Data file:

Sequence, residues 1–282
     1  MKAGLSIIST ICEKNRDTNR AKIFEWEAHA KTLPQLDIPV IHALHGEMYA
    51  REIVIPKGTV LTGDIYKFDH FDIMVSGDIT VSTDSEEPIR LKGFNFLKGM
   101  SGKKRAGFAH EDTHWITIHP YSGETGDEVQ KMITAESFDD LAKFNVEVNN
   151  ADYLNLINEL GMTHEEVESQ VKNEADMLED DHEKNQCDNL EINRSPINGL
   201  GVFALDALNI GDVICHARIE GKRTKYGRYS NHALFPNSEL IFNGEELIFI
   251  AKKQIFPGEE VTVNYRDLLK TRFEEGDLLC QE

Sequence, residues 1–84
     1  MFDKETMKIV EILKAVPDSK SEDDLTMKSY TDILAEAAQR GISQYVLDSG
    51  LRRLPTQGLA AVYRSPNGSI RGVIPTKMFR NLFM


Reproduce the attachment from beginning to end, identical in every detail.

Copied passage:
Sequence, residues 1–282
     1  MKAGLSIIST ICEKNRDTNR AKIFEWEAHA KTLPQLDIPV IHALHGEMYA
    51  REIVIPKGTV LTGDIYKFDH FDIMVSGDIT VSTDSEEPIR LKGFNFLKGM
   101  SGKKRAGFAH EDTHWITIHP YSGETGDEVQ KMITAESFDD LAKFNVEVNN
   151  ADYLNLINEL GMTHEEVESQ VKNEADMLED DHEKNQCDNL EINRSPINGL
   201  GVFALDALNI GDVICHARIE GKRTKYGRYS NHALFPNSEL IFNGEELIFI
   251  AKKQIFPGEE VTVNYRDLLK TRFEEGDLLC QE

Sequence, residues 1–84
     1  MFDKETMKIV EILKAVPDSK SEDDLTMKSY TDILAEAAQR GISQYVLDSG
    51  LRRLPTQGLA AVYRSPNGSI RGVIPTKMFR NLFM